5. 5. IPTV in Asia-Pacific Loral Skynet Given the high stakes and the strengths of the companies involved, it appears likely that the technical challenges of large-scale IPTV implementations will be overcome. Planned commercial launches may slip further or the initial service functionality may be compromised, but an IPTV rollout of some scale can be expected in the US in the first half of 2006. However, analysts believe it is unlikely that IPTV services that are truly competitive with cable and satellite DTH will be offered before 2007 or 2008. A challenge that may be specific to the US market is for IPTV providers to reach agreements on franchising fees with thousands of municipalities where they want to sell their services. Cable companies pay about 5% of their revenues as a fee to local governments. Dealing with the many individual municipalities could take years. The good news for IPTV providers is that most local governments support competition with cable television and they certainly support new sources of tax revenue, so if IPTV providers can demonstrate these capabilities in a few markets, it should make the process easier in a given state, or multiple states that are being targeted. A final challenge is that existing pay-TV competitors are not standing by idly as IPTV enters the market. They are rolling out high-definition television (HDTV), along with greater content choice and enhanced services. Leading cable and satellite DTH companies are very aware of IPTV and the plans of its backers. They are actively working to improve the quality of their own offerings and make it even harder for new entrants to lure their customers away. ROLE OF SATELLITE COMMUNICATIONS Satellite industry executives often say that more than 90% of global network television is distributed by their assets, and they note that this is the result of satellite’s superior performance, not some regulatory requirement. Satellite’s role in video distribution continues to expand, and most industry observers expect there will be growing use of satellite for both wholesale and end-user DTH television distribution in the years ahead. Given that satellite remains the most cost effective and efficient means for video distribution worldwide to date, what are the opportunities for satellite companies in IPTV delivery? This is a question that leading fixed satellite service (FSS) operators around the world are now evaluating. According to Northern Sky Research’s IPTV via Satellite report, published in September 2005, “satellite technology’s ability to provide cost-effective broadcast services... 65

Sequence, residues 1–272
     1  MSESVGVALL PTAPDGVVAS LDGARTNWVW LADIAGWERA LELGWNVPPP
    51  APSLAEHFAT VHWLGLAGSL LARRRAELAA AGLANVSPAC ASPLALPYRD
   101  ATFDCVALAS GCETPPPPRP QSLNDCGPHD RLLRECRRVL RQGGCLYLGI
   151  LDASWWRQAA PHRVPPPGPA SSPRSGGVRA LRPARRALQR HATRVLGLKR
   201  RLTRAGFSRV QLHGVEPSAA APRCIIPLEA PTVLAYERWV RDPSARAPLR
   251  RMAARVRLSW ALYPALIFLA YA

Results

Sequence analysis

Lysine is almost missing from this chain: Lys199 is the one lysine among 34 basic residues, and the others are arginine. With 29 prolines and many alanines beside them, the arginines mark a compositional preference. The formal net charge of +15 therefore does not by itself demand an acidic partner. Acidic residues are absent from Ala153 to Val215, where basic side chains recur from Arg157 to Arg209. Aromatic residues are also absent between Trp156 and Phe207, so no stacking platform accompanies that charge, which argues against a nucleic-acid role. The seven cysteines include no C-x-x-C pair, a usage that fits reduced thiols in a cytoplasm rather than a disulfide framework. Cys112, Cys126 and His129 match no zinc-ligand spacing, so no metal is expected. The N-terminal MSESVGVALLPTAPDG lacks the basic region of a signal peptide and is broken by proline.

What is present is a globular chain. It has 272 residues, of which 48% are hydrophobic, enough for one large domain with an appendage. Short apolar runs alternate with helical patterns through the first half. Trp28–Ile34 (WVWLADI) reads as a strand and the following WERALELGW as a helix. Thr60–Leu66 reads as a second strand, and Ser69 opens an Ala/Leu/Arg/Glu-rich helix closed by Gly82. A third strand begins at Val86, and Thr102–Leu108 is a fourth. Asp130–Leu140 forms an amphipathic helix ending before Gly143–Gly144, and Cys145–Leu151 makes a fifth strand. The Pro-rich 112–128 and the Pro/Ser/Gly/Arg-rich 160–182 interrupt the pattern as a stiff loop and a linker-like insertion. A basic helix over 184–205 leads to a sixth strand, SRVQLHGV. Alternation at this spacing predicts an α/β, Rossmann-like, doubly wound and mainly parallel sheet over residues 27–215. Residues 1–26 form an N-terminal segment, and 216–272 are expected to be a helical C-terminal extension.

6. 6. IPTV in Asia-Pacific Loral Skynet would seem a perfect fit to deliver TV programming to IPTV providers. Satellites...can act as ‘headends-in-the-sky’ and become an infrastructure core component in enabling IPTV services. However, despite an apparent opportunity for satellites to enable IPTV on a global Opportunities and Challenges for IPTV • About 20 leading telecom companies operating in the US, in Asia-Pacific and in Europe have begun internet protocol television (IPTV) service implementations in their home markets. Their goal is to compete effectively with entrenched pay-TV offerings (cable and satellite direct-to-home services). • IPTV has huge industry backing. Most leading suppliers in global telecommunications – including Alcatel, Microsoft, Cisco, Nortel and Siemens – are actively involved in supporting IPTV rollouts. • IPTV’s main point of differentiation is improved viewer choice in terms of both content and on-demand scheduling. An IPTV subscriber will be able to access a far greater range of programming than that offered by existing pay-TV providers. Another key advantage is IPTV’s much higher level of viewer interaction with the programming. • The most ambitious IPTV project globally is that of AT&T (formerly SBC) in the US. It has invested US$4 billion, is working with Microsoft and Alcatel, and is seeking to attract 13 million subscribers to its service by 2008. AT&T will face a number of challenges in building its subscriber base, including obtaining access to content, local licensing, and making the technology work on a massive scale so that it is competitive in features and price to existing cable and satellite DTH offerings. AT&T’s initial commercial rollout is planned for 2006. • Fixed satellite services (FSS) are the dominant means of video content distribution in the world. However, IPTV may not provide a significant boost for the global FSS industry given that its introduction is being led by major telcos seeking to use their own infrastructure. • There are still attractive IPTV opportunities for FSS providers in certain markets that mostly involve selling end-to-end IPTV solutions to selected telcos. The FSS provider could either be the lead integrator in a full IPTV offer or provide space segment to an integrator and others as part of an IPTV solution. • IPTV has the potential to change the way the world experiences television. It will certainly increase competition in most major markets in the next few years and will likely lead to greater functionality and improved prices for all pay-TV viewers, regardless of which system they are using. 66